Page 4150 - Week 13 - Tuesday, 15 November 2005

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DR FOSKEY (Molonglo) (4.38): I welcome this topic. Mental health is an issue that I am taking a particular interest in. I have had a number of representations from constituents and meetings with consumer and carer organisations. It is very clear that there are quite a number of problems with the mental health system in the ACT. But of course the ACT is not alone in that. In many jurisdictions, people with a mental illness seem to be at the bottom of the priority list. Today’s discussion has heartened me because it seems to me that all sides of this house are committed to improving outcomes for people with a mental illness. I guess the issue is: how do we want to do this?

It is timely that we are talking about this on the day that the government has launched the suicide prevention strategy for 2005-2008. According to that strategy, page 13, it has been estimated that 15 per cent of people diagnosed with depression will die by suicide. We know that depression is not the only mental health-related cause of suicide. We know people who have caused their own death when in a delusional or psychotic state, sometimes within those very institutions whose job it is to care and assist them.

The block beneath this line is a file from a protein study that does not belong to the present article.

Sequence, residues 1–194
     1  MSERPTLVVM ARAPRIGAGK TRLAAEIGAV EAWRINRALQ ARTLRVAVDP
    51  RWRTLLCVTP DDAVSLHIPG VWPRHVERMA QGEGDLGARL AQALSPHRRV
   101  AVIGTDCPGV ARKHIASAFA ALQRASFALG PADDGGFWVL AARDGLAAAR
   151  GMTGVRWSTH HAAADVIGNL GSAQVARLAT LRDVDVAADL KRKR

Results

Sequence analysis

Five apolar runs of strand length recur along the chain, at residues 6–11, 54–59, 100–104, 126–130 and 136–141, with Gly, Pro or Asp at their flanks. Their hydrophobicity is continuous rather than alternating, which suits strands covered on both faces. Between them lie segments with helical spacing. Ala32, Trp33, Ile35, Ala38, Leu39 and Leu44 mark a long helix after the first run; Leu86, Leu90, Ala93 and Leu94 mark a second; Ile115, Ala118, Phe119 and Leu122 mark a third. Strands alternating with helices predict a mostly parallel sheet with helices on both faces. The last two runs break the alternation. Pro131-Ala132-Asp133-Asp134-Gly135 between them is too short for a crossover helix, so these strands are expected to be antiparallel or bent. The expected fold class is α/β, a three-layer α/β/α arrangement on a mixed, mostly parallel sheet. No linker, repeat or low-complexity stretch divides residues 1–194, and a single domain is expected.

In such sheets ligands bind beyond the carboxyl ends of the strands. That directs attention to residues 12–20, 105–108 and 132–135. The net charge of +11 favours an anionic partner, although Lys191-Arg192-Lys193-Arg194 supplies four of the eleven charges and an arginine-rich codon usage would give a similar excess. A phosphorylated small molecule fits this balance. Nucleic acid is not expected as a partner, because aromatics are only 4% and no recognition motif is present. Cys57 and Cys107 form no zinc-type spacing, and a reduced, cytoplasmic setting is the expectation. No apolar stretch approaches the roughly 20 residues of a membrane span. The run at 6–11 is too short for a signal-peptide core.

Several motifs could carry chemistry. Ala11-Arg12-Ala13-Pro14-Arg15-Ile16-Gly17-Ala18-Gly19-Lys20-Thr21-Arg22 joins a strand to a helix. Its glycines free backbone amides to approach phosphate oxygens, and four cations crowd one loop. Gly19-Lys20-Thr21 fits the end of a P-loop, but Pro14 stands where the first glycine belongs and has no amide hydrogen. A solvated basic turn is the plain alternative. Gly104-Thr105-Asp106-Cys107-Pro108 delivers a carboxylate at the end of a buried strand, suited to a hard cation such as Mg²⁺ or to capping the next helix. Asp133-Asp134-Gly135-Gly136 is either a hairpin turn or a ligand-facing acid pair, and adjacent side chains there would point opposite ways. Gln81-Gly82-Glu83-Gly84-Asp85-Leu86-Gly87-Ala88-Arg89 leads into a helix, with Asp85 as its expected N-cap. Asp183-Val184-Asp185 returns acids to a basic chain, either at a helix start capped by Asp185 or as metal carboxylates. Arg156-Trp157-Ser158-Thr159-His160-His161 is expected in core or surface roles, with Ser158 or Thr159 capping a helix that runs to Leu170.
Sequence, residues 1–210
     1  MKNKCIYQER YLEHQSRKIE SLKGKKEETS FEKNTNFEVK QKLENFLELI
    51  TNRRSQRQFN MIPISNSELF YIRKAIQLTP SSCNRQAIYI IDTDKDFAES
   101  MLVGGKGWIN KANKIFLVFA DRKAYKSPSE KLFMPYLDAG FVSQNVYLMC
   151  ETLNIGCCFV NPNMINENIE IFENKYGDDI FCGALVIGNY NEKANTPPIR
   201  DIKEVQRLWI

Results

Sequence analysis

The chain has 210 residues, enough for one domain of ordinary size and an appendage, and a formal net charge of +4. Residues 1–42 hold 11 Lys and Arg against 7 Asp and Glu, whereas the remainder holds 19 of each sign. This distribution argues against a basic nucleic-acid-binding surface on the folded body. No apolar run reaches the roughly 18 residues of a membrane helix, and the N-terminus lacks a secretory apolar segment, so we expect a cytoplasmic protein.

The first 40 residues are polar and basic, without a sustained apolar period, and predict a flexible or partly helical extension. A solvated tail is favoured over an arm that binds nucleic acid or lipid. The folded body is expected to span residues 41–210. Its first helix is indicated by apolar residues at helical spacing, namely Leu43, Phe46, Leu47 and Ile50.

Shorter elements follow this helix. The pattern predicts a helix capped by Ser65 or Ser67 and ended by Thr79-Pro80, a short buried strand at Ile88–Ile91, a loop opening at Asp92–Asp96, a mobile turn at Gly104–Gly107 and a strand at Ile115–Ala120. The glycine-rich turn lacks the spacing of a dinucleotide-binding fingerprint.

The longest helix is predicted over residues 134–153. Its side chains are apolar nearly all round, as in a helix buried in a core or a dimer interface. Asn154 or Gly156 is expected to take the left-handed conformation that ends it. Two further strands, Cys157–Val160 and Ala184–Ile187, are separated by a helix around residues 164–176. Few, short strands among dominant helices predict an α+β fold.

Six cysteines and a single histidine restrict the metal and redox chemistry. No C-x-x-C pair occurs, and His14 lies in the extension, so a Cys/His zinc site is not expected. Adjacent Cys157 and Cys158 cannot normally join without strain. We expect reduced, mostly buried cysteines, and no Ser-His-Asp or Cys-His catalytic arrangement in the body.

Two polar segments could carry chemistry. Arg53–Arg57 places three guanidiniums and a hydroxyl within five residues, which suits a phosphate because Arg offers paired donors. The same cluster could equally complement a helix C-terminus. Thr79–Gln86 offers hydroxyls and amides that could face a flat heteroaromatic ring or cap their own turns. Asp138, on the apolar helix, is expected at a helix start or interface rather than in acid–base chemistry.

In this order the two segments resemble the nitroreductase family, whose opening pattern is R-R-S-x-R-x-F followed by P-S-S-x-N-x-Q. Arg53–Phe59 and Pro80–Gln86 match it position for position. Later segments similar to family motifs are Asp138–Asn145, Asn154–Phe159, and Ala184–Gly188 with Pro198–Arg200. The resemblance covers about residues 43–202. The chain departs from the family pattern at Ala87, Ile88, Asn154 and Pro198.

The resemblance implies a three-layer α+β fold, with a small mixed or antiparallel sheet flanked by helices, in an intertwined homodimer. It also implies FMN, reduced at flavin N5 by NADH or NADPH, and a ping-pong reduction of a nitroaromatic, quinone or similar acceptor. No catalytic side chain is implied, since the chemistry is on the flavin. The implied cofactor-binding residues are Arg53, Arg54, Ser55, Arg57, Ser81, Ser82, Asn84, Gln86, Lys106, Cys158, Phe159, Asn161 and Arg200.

The current government and earlier Liberal governments’ approach is, unfortunately, primarily stuck within a medical model. Too often, they focus on people as though they are just their illness. That is insulting to anybody but it also misses out on the very major part of the way to assist people.

The Not for service report has been very useful. It was interesting to hear it quoted both by people who are criticising the level of service in the ACT and by people who are supporting it. But there is no doubt that it is a timely report which raises issues of interest.

Today the Youth Coalition of the ACT put out a media release, based on its budget submission, expressing its absolute concern at the fact that 24 per cent of people experiencing a mental illness in the ACT will be under 19 years of age. They ask that funding be directed to youth-specific mental health and dual diagnosis services and initiatives in the next budget. I know of young people whose parents are tearing their hair out because they cannot get access to a public psychiatrist, and the waiting period for private psychiatrists is far too long when your child is suicidal.

The Not for service report does provide some interesting quotations. I want to use some of these. A consumer and consumer activist said, about the ACT mental health system:

I would like to know why mental health funding is dominated by the medical model when funding could be better used to develop mechanisms to provide assistance for when people are well. We need to give people an opportunity of a life worth living. In the ACT less than 5% of the funding for health—

Mr Corbell may have a different opinion; I would be very happy to see it in writing—

goes into social programs to help people do what they want to do with their lives … The medical model is about risk management. We neglect people when we leave them to rot—in front of a TV all day! I lost all my social skills—I see so many of my fellow consumers who can’t do this because they have been dominated by the medical model. People go into self-medication with pills and drugs—we are now the

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